Data breach – two words that strike fear in the heart of every business owner. While hackers are often the criminal culprits, most data breaches have some in-office component, whether malicious or unintended.
Data breach – two words that strike fear in the heart of every business owner. While hackers are often the criminal culprits, most data breaches have some in-office component, whether malicious or unintended. That’s why the importance of knowing who within your organization has access to vulnerable information and what they may be doing with it cannot be overstated.
This may seem a rudimentary question, but how well do you know your employees? You may have done background, CORI, etc. checks when they were first hired, but what has been done to reaffirm those good reputations lately? Life situations are fluid and can have a great bearing on personal financial needs – and having access to classified information can become an illegal treasure trove.
We are increasingly seeing data breaches as a result of social media. Dating sites, as example, may have absolutely nothing to do with the workplace, but by putting certain information out into cyberspace, an employee could be exploited. Social media profiles typically include place of employment, professional status and much more. If a staff member is using a dating site, a hacker may make a connection as a ruse to target your company.
The risk for human error is significant, with lost, misplaced or unlocked devices containing passwords and other sensitive information high on the list. Systems that are not updated regularly, incorrect disclosure procedures and default user ID usage also rank high on the offender roster. Here is where educating your staff comes into play.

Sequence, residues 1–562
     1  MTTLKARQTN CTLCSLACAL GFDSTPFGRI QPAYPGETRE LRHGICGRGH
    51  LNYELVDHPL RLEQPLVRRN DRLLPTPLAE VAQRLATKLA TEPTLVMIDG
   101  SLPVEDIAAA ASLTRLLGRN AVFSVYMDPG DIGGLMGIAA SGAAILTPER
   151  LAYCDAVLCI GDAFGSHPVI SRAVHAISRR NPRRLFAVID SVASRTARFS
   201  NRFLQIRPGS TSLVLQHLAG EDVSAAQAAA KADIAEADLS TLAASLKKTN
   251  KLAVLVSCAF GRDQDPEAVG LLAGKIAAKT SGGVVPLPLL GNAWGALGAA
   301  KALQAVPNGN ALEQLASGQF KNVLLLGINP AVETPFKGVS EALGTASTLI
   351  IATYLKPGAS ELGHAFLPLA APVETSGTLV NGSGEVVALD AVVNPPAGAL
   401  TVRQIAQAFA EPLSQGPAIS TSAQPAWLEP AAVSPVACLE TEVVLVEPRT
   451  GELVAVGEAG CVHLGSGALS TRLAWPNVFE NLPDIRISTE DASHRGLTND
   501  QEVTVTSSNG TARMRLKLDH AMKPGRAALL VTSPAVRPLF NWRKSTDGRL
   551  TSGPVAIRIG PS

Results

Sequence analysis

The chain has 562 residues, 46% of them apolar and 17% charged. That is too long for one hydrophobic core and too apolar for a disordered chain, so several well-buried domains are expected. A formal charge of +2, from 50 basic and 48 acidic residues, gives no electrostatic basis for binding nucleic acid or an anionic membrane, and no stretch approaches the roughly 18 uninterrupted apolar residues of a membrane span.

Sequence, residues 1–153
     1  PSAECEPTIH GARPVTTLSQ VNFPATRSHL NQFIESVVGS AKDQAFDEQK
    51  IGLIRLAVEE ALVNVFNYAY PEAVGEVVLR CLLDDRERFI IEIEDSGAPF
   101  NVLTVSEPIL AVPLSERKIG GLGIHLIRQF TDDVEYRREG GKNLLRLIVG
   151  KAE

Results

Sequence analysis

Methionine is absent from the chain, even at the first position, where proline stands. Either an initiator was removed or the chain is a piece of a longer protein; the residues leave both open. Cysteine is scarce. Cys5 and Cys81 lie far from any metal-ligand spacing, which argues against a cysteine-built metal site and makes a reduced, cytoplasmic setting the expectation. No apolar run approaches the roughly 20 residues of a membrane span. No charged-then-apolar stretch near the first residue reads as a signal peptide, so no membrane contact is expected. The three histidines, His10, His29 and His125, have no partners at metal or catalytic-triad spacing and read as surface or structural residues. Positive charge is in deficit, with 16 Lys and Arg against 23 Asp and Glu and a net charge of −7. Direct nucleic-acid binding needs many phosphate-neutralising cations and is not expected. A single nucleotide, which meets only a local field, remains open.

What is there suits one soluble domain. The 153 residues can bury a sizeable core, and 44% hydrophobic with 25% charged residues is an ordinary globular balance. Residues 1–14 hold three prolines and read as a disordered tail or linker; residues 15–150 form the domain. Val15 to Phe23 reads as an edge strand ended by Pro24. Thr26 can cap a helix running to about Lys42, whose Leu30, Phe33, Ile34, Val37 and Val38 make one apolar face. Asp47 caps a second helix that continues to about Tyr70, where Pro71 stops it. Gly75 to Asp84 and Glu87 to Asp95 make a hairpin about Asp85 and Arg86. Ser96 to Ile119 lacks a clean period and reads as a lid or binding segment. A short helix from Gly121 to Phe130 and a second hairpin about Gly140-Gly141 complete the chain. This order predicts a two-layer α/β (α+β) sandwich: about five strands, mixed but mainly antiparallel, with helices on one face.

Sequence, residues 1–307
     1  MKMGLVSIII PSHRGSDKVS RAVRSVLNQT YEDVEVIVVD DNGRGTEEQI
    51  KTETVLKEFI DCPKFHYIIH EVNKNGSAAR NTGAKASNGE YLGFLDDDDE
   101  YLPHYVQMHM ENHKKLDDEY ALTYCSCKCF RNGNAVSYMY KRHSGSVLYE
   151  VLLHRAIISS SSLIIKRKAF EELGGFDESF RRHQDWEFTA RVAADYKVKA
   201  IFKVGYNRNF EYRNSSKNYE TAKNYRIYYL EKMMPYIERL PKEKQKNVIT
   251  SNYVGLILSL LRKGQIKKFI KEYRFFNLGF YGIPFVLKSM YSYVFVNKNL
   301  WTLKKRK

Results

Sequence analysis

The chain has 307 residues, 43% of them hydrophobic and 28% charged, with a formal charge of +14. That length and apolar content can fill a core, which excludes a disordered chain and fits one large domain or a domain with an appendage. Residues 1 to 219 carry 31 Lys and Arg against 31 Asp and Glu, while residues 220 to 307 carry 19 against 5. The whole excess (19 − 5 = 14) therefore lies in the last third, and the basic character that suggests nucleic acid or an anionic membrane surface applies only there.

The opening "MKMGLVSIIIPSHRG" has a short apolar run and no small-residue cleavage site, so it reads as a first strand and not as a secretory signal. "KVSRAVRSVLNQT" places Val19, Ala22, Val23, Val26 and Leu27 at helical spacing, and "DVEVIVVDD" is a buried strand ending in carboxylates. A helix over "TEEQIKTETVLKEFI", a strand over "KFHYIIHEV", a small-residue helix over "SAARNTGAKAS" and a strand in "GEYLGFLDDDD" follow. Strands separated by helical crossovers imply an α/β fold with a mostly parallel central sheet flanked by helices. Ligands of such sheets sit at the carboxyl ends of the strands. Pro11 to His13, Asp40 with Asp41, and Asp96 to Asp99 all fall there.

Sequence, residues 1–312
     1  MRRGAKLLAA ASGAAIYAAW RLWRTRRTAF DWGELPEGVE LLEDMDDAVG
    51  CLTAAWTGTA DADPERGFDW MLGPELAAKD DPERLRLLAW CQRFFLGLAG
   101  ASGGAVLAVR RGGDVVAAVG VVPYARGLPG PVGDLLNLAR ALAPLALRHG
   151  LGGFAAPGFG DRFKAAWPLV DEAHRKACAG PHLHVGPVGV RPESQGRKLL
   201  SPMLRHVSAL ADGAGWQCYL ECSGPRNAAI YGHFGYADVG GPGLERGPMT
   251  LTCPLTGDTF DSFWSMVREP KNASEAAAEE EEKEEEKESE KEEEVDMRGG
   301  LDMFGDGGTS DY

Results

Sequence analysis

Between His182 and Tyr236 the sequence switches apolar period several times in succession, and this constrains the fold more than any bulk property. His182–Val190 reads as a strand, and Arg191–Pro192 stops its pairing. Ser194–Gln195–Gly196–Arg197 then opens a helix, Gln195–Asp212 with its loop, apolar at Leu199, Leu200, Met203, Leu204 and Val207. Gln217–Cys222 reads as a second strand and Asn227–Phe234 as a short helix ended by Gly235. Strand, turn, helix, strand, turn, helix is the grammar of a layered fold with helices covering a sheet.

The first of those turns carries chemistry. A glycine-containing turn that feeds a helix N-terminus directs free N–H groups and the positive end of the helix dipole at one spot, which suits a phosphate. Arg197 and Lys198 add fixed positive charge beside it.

It’s essential to develop policies and procedures to prevent data breaches, particularly in view of the constantly changing landscape of cybersecurity. Employees should also be warned of new risks as they arise, such as phishing scams or visiting suspicious websites that might contain malware. Educate employees on the appropriate use of organizational technology. This includes when, where and how to log in to accounts, how to check their connection to ensure it is reliable and secure, and when not to use devices. If employees have sensitive company material on their mobile devices, those devices should not be set to “automatically connect” to the closest available Wi-Fi as this can open the door to potential data theft.
Clearly, the most effective way to minimize risk is to limit data availability. Grant access to at-risk information only to those in your organization who need it to perform their job or on an as-needed basis and then rescind access as soon as no longer needed. And, purge data sooner than later…and often.
Yes, it’s true that data breaches can enter via systems, but remember, people are behind those doorways!